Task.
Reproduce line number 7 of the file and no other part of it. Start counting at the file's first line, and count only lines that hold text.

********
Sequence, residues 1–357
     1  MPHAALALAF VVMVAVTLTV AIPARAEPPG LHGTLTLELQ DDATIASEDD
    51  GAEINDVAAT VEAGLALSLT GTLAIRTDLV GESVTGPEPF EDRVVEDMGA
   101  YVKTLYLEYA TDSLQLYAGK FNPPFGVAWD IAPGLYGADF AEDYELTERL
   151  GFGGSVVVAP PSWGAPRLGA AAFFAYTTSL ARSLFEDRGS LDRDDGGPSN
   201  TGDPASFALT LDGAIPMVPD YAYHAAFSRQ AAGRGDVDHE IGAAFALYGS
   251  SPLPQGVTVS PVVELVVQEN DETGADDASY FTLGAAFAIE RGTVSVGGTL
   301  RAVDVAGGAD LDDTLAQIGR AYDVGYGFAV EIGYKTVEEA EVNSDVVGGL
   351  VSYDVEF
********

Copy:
   251  SPLPQGVTVS PVVELVVQEN DETGADDASY FTLGAAFAIE RGTVSVGGTL